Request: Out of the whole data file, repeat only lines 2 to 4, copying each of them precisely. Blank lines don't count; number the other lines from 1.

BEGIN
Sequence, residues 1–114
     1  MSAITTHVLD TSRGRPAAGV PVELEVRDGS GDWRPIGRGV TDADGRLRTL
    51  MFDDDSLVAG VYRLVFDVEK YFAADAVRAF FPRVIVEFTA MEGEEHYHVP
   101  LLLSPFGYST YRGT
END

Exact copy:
     1  MSAITTHVLD TSRGRPAAGV PVELEVRDGS GDWRPIGRGV TDADGRLRTL
    51  MFDDDSLVAG VYRLVFDVEK YFAADAVRAF FPRVIVEFTA MEGEEHYHVP
   101  LLLSPFGYST YRGT